Neurodegenerative diseases are a broad collection of diseases, all characterized by loss of neuronal function. A plethora of factors such as environmental, genetic, biological (linked mainly to age) and metabolic or mechanical injuries to the brain or the spinal cord may act independently or in a synergistic manner and may lead to this devastating process defined as neurodegeneration. Neurological diseases, i.e. disorders related to brain, spinal cord and nerves dysfunction, include traumatic diseases, such as strokes, traumatic brain injury (TBI), and the neurodegenerative diseases such as Alzheimer’s disease (AD), frontotemporal dementia (FTD), and Parkinson’s disease (PD). Our primary focus has been on development of biomarkers for Alzheimer’s Disease.

How many have Alzheimer’s Disease?

Alzheimer’s Disease (AD) is the most common cause of dementia, a syndrome affecting today approximately 40-50 million people worldwide and estimated to reach 100 million in 2050.

How is AD treated?
There is no cure for AD, but symptoms are managed by treatment with Memantine or alike, which stimulate synaptic responses and thereby keep the cognitive abilities active as long as the neurons are still alive. All attempts at development of a disease-modifying therapy have so far failed.

How is AD diagnosed?
Current diagnosis includes tests of cognition, which assess to what extent the subject is showing signs of neuronal loss. To confirm the diagnosis of AD, either measurement of the the AD biomarkers p-Tau and Abeta1-42 in CSF, or assessment of plaque load in the brain by amyloid-PET is needed; however, these tools are complex and are not used in subjects prior to symptom onset, i.e. when it is too late to halt it by treatment.

The medical need for biomarkers in AD today is two-fold. First, there is a need for a tool identifying those with active neurodegeneration, but prior to CSF or PET-scanning, which then could be applied as a gate-keeper tool selecting asymptomatic individuals for a detailed work-up using the approved tools.

Secondly, there is a need for a biomarker detecting the efficacy of a given disease modifying intervention earlier than changes in CSF or imaging-based biomarkers can do, as this would allow an determination of responses to a therapeutic in drug development trials faster and thereby reduce trial length and size required to determine therapeutic efficacy.

Alzheimer’s Disease is a proteinopathy, i.e. a disease characterized by aberrant turnover of proteins leading to accumulation of pathological proteins and thereby neuronal death. The classical AD CSF biomarkers, P-Tau and Ab1-42 are pathologically modified proteins, which accumulate as a function of disease. In addition to these, AD is characterized by multitude of pathological modifications to brain specific proteins, and enzymatic degradation is one of the primary events during the onset of disease. This underscores that protein fingerprints are highly important as biomarkers for AD. Furthermore, this fragmentation process also increases the likelihood that the proteins can be detected in blood, and thereby could aid in solving a key challenge in AD.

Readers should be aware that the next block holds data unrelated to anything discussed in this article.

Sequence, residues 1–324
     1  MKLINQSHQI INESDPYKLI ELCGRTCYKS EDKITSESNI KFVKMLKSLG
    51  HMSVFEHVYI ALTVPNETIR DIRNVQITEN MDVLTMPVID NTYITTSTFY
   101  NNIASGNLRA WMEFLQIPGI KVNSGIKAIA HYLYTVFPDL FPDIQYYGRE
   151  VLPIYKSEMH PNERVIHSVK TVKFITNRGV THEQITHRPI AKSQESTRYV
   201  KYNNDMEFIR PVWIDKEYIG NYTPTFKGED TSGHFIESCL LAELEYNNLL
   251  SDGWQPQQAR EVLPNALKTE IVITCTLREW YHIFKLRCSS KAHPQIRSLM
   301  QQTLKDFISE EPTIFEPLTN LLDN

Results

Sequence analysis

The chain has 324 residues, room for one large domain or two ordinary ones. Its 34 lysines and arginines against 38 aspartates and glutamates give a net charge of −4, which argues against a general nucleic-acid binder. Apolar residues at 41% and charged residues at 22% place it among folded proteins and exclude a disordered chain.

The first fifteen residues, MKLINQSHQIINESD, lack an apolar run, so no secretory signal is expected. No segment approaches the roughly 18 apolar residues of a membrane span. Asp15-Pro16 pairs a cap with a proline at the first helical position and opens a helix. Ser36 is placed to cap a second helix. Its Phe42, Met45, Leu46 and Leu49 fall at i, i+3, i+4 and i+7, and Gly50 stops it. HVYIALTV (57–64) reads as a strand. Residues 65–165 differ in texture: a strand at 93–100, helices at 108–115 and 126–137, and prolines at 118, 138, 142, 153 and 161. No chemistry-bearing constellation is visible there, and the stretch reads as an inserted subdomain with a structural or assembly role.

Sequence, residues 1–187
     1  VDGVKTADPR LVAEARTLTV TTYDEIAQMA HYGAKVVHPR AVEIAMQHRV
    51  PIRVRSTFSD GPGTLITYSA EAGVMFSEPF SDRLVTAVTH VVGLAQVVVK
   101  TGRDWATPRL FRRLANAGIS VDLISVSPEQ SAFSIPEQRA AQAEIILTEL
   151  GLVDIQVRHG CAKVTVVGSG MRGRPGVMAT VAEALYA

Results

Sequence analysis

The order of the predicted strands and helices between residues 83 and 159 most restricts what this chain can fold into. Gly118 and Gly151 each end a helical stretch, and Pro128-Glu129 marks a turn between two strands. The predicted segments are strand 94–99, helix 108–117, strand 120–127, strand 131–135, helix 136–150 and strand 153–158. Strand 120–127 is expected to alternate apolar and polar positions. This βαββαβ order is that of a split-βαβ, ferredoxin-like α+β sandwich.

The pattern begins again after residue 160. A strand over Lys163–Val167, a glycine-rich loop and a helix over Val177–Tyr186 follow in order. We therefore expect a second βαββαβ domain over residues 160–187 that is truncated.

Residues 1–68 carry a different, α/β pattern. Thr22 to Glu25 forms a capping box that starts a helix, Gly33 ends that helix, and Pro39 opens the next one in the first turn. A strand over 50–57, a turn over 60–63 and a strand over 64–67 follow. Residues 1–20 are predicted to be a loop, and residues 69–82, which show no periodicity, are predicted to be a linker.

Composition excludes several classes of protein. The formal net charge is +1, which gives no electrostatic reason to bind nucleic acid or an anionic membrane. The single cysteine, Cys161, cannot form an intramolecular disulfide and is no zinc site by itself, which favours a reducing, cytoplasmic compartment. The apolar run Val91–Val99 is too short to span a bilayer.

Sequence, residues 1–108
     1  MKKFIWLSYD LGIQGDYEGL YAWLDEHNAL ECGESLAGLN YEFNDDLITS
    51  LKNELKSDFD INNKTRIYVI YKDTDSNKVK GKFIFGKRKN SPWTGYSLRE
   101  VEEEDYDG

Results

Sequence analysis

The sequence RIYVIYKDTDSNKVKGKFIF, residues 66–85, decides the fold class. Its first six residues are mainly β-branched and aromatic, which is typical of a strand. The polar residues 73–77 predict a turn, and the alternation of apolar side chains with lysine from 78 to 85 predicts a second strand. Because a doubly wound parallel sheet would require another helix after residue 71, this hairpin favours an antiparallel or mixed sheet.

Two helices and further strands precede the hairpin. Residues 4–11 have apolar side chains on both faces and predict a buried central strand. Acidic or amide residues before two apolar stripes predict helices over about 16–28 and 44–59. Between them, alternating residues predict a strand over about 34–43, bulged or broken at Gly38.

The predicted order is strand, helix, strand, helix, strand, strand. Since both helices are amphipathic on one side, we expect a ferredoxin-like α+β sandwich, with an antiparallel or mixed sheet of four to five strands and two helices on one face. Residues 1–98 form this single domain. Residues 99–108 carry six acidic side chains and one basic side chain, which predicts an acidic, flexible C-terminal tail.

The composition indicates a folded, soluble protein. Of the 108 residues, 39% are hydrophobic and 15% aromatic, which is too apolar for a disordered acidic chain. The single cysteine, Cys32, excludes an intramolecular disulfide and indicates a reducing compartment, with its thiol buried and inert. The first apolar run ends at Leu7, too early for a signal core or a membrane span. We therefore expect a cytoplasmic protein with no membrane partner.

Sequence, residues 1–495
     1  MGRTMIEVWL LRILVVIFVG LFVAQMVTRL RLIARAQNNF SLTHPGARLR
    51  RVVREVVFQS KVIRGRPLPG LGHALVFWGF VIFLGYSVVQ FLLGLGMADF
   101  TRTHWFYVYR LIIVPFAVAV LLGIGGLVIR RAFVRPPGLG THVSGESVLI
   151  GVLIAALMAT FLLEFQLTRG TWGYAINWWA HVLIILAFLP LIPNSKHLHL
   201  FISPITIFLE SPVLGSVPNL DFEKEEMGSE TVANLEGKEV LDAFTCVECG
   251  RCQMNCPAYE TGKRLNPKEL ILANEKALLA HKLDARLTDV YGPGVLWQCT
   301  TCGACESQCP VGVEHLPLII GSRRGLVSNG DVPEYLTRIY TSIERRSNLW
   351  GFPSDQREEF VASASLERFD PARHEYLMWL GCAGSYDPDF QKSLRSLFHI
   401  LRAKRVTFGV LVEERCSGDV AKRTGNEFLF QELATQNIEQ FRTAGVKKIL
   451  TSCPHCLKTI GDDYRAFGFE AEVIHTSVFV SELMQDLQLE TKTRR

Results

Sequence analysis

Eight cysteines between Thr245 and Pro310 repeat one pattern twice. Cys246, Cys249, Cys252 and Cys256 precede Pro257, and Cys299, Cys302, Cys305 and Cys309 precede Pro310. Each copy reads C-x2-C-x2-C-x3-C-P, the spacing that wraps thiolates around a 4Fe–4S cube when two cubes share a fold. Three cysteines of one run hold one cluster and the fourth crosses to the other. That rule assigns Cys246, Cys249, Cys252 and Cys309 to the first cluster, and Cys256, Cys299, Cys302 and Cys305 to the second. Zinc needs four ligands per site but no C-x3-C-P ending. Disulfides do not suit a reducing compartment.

While the AD field possesses important diagnostic tools, it is short a disease activity marker, i.e. a tool that at any given time can measure whether neurons, glial cells or their surrounding ECM is destroyed.  There is therefore still a medical and drug development need for biomarkers that are able to pinpoint subjects who should undergo a detailed AD diagnosis work-up prior to symptom onset. The brain-derived Protein Fingerprint biomarkers can be measured in serum and are used to characterize patients with respect to actively ongoing degenerative processes in the individual patient.
Biomarkers and tissue characterization:
Neuronal loss: Tau-C, Tau-C, T-Tau (CSF), P-Tau (CSF), Ab1-42 (CSF)
Glial cells dysfunction: GFAP-C6
ECM-disruption: NCAN-M, N-Brev, Brev-A, TNR

Protein Fingerprint biomarkers measured in serum were measured in subjects following a stroke, an event known to induce neuronal injury and loss. As seen below, the levels of the Tau-C biomarker was highly elevated, consistent with their relation to death of the neurons.

Neuronal damage quantified by assessment of the Tau-C fragment right after a stroke, or 24 hours later when the damage has accumulated.

Reference: Grand et al 2019 Biomarkers

Protein Fingerprint biomarkers measured in serum at baseline are associated with incidence of dementia, and thereby are able to identify subjects who have active underlying disease, i.e. those in need of active intervention.

Relationship between Tau-C at baseline and incidence of dementia

Neuronal damage quantified by assessment of the Tau-C fragment at baseline of a 15-year study monitoring incidence of dementia.

Reference: Neergaard et al 2018 PLoS ONE

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